Rheological Modeling of Corn Starch Doughs At Low to Intermediate Moisture

KEVIN L. MACKEY, ROBERT Y. OFOLI

    Research output: Research - peer-reviewArticle

    • 22 Citations

    Abstract

    A generalized model for predicting the extrudate viscosity of starch based products at low to intermediate moisture content is presented. It incorporates the effects of shear rate, temperature, moisture content, time‐temperature history and strain history. The model was tested using corn starch dough at various moisture contents. An Instron capillary rheometer and a Baker Perkins MPF 50 D/25 co‐rotating twin screw extruder were used to collect all data. Viscosity was found to be a function of cook temperature and moisture content but not cook time. Observed versus predicted viscosity gave an R2 of 0.975 after accounting for shear rate, temperature, moisture content and time‐temperature history in the capillary rheometer. Extrusion tests indicated that correction for strain history was important for highly puffed extrudates.

    LanguageEnglish (US)
    Pages417-423
    Number of pages7
    JournalJournal of Food Science
    Volume55
    Issue number2
    DOIs
    StatePublished - 1990

    Profile

    corn starch
    dough
    water content
    temperature
    Starch
    Zea mays
    Temperature
    history
    viscosity
    Viscosity
    shears
    rheometers
    History
    extruders
    screws
    extrusion
    starch
    testing

    ASJC Scopus subject areas

    • Food Science

    Cite this

    Rheological Modeling of Corn Starch Doughs At Low to Intermediate Moisture. / MACKEY, KEVIN L.; OFOLI, ROBERT Y.

    In: Journal of Food Science, Vol. 55, No. 2, 1990, p. 417-423.

    Research output: Research - peer-reviewArticle

    @article{d1525de44ac44c9e899229b9733c3f38,
    title = "Rheological Modeling of Corn Starch Doughs At Low to Intermediate Moisture",
    abstract = "A generalized model for predicting the extrudate viscosity of starch based products at low to intermediate moisture content is presented. It incorporates the effects of shear rate, temperature, moisture content, time‐temperature history and strain history. The model was tested using corn starch dough at various moisture contents. An Instron capillary rheometer and a Baker Perkins MPF 50 D/25 co‐rotating twin screw extruder were used to collect all data. Viscosity was found to be a function of cook temperature and moisture content but not cook time. Observed versus predicted viscosity gave an R2 of 0.975 after accounting for shear rate, temperature, moisture content and time‐temperature history in the capillary rheometer. Extrusion tests indicated that correction for strain history was important for highly puffed extrudates.",
    author = "MACKEY, {KEVIN L.} and OFOLI, {ROBERT Y.}",
    year = "1990",
    doi = "10.1111/j.1365-2621.1990.tb06777.x",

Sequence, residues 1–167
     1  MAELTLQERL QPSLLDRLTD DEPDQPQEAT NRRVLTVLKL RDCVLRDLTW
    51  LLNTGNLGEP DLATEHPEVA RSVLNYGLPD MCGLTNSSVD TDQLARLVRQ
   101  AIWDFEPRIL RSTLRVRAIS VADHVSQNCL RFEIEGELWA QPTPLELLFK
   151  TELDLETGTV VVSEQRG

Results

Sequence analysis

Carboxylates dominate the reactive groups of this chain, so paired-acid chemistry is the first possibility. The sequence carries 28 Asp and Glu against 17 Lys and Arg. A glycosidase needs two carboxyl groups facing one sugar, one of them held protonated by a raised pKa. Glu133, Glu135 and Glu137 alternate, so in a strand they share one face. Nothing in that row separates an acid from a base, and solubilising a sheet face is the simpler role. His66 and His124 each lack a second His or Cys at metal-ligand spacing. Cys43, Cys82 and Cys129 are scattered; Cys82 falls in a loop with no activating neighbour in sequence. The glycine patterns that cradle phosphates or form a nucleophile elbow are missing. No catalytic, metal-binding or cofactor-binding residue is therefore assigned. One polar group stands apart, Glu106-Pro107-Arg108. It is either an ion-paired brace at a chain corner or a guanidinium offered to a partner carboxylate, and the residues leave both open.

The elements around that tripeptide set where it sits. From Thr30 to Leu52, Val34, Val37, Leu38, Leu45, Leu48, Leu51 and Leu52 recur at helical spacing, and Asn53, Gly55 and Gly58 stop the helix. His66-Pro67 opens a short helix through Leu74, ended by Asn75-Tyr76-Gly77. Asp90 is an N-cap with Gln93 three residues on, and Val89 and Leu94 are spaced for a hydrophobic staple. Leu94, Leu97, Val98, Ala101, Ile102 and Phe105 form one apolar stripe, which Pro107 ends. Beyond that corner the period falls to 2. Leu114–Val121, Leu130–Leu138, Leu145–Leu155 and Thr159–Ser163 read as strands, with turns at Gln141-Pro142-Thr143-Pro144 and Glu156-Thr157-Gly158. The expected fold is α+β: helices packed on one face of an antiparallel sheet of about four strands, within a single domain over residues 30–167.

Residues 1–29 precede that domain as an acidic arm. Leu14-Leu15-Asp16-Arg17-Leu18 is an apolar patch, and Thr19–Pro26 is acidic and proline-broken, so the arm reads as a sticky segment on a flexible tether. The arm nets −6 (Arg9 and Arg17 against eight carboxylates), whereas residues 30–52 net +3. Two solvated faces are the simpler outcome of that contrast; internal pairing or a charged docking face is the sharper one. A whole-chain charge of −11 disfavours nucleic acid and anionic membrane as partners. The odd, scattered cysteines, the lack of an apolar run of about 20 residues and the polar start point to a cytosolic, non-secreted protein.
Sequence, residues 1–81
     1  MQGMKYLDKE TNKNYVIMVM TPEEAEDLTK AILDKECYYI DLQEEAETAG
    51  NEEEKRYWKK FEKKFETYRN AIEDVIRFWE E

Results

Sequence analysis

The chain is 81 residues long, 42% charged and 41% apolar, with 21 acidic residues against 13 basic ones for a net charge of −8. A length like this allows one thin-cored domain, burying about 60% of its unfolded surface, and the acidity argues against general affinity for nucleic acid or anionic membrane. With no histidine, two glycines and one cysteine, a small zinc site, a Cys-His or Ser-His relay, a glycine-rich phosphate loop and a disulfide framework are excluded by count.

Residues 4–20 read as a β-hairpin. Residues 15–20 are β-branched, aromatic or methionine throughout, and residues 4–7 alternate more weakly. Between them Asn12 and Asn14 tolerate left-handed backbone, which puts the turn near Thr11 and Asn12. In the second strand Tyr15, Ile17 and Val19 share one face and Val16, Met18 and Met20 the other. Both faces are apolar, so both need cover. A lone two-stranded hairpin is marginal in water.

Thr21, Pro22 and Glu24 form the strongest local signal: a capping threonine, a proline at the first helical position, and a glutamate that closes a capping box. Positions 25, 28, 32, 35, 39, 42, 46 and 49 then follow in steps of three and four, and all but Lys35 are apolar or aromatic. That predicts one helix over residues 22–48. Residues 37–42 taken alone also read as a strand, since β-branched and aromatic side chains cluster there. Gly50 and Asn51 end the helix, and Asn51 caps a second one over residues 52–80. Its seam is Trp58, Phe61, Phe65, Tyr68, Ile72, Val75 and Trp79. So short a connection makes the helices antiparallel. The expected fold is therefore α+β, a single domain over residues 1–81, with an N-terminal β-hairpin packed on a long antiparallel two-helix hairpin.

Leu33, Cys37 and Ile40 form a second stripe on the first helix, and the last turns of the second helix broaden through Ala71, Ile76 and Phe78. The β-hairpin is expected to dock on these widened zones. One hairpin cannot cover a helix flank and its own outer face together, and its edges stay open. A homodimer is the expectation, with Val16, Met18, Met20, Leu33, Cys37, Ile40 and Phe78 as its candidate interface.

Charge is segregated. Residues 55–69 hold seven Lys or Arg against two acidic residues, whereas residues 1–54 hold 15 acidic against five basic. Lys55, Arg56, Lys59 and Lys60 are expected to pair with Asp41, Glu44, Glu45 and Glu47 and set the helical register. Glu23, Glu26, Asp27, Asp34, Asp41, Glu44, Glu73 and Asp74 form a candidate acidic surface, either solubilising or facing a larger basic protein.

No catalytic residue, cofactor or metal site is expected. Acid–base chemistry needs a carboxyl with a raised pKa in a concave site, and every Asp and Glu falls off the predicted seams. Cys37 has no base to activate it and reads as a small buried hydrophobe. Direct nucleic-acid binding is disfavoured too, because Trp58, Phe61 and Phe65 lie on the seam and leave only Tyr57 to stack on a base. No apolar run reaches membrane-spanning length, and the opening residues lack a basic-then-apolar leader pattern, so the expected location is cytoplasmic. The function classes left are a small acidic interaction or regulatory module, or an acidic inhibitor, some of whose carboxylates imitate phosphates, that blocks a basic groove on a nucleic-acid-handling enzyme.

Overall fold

volume = "55",
    pages = "417--423",
    journal = "Journal of Food Science",
    issn = "0022-1147",
    publisher = "Wiley-Blackwell",
    number = "2",

    }

    TY - JOUR

    T1 - Rheological Modeling of Corn Starch Doughs At Low to Intermediate Moisture

    AU - MACKEY,KEVIN L.

    AU - OFOLI,ROBERT Y.

    PY - 1990

    Y1 - 1990

    N2 - A generalized model for predicting the extrudate viscosity of starch based products at low to intermediate moisture content is presented. It incorporates the effects of shear rate, temperature, moisture content, time‐temperature history and strain history. The model was tested using corn starch dough at various moisture contents. An Instron capillary rheometer and a Baker Perkins MPF 50 D/25 co‐rotating twin screw extruder were used to collect all data. Viscosity was found to be a function of cook temperature and moisture content but not cook time. Observed versus predicted viscosity gave an R2 of 0.975 after accounting for shear rate, temperature, moisture content and time‐temperature history in the capillary rheometer. Extrusion tests indicated that correction for strain history was important for highly puffed extrudates.

    AB - A generalized model for predicting the extrudate viscosity of starch based products at low to intermediate moisture content is presented. It incorporates the effects of shear rate, temperature, moisture content, time‐temperature history and strain history. The model was tested using corn starch dough at various moisture contents. An Instron capillary rheometer and a Baker Perkins MPF 50 D/25 co‐rotating twin screw extruder were used to collect all data. Viscosity was found to be a function of cook temperature and moisture content but not cook time. Observed versus predicted viscosity gave an R2 of 0.975 after accounting for shear rate, temperature, moisture content and time‐temperature history in the capillary rheometer. Extrusion tests indicated that correction for strain history was important for highly puffed extrudates.

    UR - http://www.scopus.com/inward/record.url?scp=84987262231&partnerID=8YFLogxK

    UR - http://www.scopus.com/inward/citedby.url?scp=84987262231&partnerID=8YFLogxK

    U2 - 10.1111/j.1365-2621.1990.tb06777.x

    DO - 10.1111/j.1365-2621.1990.tb06777.x

    M3 - Article

    VL - 55

    SP - 417

    EP - 423

    JO - Journal of Food Science

    T2 - Journal of Food Science

    JF - Journal of Food Science

    SN - 0022-1147

    IS - 2

    ER -